Thu 18-July-2024

Does Israel hold all the cards in Gaza?

Wednesday 19-June-2024

Israeli Prime Minister Benjamin Netanyahu is often criticized for failing to produce a vision for the “day after” the end of the Gaza war. Some of the criticism emanates from Israel’s traditional Western allies, who are wary of Netanyahu’s personal and political agendas, which are fixated on delaying his corruption trials and ensuring that his extremist allies remain committed to the current government coalition. The criticism, however, is loudest within Israel itself.

“As long as Hamas retains control over civilian life in Gaza, it may rebuild and strengthen [itself], thus requiring the IDF [Israel Defense Forces] to return and fight in areas where it has already operated,” said Defense Minister Yoav Gallant in May, demanding a “day after” plan.

The same sentiment was conveyed by Israeli army Chief of Staff Herzi Halevi. “As long as there’s no diplomatic process to develop a governing body in the Strip that isn’t Hamas, we’ll have to launch campaigns again and again,” he was quoted as saying by Israel’s Channel 13.

It is true that Netanyahu has no post-war plan.

The lack of such a “vision”, however, does not rest entirely on his own failure to produce one, but is also due to his inability to determine, with any degree of certainty, if the war would yield favorable results for Israel.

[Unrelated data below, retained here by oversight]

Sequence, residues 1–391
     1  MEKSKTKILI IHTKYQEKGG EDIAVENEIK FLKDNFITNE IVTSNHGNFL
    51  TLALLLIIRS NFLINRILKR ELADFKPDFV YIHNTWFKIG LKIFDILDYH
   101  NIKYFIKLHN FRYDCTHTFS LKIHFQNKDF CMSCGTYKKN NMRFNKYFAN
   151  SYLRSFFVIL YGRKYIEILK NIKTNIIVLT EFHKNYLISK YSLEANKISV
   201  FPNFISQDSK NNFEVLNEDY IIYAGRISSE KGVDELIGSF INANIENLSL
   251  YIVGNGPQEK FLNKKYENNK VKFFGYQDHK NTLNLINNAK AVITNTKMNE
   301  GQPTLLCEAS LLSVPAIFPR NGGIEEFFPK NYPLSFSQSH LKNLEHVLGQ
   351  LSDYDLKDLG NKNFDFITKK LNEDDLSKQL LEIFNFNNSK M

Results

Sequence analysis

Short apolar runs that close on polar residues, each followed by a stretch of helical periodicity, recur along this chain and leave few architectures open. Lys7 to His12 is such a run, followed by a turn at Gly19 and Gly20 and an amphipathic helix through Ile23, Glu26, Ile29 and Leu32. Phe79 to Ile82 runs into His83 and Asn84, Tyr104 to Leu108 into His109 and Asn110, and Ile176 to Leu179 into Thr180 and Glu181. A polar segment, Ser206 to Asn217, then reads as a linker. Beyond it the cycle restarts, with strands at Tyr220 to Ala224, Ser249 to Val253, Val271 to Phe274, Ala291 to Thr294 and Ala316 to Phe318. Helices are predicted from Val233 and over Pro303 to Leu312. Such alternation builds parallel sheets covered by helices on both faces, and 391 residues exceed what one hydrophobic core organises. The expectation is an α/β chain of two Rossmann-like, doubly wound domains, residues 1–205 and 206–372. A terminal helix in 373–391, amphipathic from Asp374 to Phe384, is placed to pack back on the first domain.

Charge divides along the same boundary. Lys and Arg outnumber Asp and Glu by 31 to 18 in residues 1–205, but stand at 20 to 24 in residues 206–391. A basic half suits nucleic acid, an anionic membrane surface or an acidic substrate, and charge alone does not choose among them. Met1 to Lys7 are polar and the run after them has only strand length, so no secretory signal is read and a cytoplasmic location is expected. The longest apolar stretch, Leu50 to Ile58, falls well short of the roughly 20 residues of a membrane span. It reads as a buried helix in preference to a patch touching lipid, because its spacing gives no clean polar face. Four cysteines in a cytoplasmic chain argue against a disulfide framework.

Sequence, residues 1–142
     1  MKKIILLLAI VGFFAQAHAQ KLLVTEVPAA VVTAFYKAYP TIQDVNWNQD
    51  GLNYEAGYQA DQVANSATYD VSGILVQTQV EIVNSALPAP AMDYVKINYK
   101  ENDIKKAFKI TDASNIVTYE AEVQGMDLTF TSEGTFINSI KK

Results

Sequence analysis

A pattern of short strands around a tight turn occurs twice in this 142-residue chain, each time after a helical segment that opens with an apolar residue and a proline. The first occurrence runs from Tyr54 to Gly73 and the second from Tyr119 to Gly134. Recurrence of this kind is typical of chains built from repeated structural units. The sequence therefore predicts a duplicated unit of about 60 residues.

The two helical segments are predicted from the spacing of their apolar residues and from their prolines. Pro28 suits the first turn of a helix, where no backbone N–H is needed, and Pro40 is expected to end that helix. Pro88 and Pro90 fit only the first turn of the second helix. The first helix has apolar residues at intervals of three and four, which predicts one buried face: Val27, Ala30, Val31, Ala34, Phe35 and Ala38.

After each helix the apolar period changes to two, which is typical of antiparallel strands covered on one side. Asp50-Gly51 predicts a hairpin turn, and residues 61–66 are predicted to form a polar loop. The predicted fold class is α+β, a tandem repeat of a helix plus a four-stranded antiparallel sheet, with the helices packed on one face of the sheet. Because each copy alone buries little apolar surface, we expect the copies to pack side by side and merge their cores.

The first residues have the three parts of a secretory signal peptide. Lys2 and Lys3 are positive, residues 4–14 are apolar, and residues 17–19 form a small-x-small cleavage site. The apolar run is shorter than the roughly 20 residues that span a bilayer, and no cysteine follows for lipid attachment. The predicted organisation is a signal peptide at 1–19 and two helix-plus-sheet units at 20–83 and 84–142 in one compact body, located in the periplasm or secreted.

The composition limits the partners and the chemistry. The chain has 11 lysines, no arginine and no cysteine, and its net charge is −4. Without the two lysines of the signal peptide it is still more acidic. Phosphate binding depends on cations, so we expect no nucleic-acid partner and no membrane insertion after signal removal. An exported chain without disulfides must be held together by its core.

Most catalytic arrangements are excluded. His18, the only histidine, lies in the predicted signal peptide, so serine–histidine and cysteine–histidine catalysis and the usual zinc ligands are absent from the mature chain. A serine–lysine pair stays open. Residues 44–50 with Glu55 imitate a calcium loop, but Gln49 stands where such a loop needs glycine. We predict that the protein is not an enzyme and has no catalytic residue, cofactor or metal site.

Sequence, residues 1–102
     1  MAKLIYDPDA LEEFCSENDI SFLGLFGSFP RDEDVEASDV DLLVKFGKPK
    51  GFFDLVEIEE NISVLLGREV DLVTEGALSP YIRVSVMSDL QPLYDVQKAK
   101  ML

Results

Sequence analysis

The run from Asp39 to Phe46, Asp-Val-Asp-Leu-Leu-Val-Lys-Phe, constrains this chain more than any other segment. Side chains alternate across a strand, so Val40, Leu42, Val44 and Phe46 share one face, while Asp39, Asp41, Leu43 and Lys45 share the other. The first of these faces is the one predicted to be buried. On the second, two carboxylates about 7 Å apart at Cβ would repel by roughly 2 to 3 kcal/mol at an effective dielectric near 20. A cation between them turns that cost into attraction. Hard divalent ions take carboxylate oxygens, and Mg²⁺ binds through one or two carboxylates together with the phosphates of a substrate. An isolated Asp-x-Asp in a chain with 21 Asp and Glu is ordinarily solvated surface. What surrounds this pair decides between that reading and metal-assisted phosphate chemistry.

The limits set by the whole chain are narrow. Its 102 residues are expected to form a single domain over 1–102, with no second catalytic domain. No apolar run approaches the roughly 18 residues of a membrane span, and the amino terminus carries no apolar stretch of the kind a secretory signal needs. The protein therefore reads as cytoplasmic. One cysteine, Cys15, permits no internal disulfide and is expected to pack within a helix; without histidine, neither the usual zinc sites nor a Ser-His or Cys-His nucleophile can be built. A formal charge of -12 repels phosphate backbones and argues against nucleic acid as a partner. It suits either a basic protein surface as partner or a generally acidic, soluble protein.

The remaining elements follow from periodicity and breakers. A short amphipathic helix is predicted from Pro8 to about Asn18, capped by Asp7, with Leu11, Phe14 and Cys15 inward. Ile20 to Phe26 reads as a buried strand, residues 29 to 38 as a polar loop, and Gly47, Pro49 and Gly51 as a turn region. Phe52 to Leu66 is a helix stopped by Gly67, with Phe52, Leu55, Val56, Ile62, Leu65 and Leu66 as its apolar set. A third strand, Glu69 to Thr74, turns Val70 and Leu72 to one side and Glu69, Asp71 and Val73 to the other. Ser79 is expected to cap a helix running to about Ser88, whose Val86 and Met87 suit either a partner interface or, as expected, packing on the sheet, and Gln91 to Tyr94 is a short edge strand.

Nine months of war have shown that the occupation state is simply incapable of maintaining its military presence in urban areas, even those that have been ethnically cleansed or are sparsely populated. This has been proven to be as true in the southern parts of Gaza as in the north, including border towns that were relatively easy to enter in the first days and weeks of the military offensive.

For a post-war plan to be produced that fits Israeli interests, Gaza would have to be militarily subdued, a goal that seems more distant than ever. At the start of the war, and many times since then, Netanyahu argued that Israel would have “overall security responsibility” for the Gaza Strip “for an indefinite period”.

That too is unlikely, as Israel tried to establish such security control between 1967 and 2005, when it was forced, due to the popular resistance during the Second Uprising, to withdraw its settlers and troops from the Gaza Strip, imposing a hermetic siege that has been in effect since then.

Recent events proved that even the Israeli blockade itself is unsustainable, as those who were entrusted with keeping the Palestinians locked in, failed miserably at their main task. This assessment is that of the Israeli military itself. “On October 7, I failed (in) my life’s mission: to protect the [Gaza] envelope [of settlements],” said the commander of the 143rd Division, Brigadier General Avi Rosenfeld, as he tendered his resignation on 9 June.

This means that returning to the post-1967 war status quo is not a rational option, nor is the reactivation of the post-2005 so-called “disengagement plan”.